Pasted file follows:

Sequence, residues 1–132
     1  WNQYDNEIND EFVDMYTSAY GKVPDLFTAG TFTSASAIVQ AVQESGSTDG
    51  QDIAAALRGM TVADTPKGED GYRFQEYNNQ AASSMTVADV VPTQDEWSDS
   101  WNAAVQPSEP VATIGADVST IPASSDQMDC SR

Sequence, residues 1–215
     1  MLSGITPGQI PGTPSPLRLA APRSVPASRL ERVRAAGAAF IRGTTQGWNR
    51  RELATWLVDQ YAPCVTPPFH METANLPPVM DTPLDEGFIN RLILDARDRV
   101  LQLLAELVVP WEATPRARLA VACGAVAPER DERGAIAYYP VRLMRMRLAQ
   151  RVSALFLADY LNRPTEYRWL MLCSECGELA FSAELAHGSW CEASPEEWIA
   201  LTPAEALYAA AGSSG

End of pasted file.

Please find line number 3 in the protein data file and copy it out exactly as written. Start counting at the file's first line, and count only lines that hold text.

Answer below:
    51  QDIAAALRGM TVADTPKGED GYRFQEYNNQ AASSMTVADV VPTQDEWSDS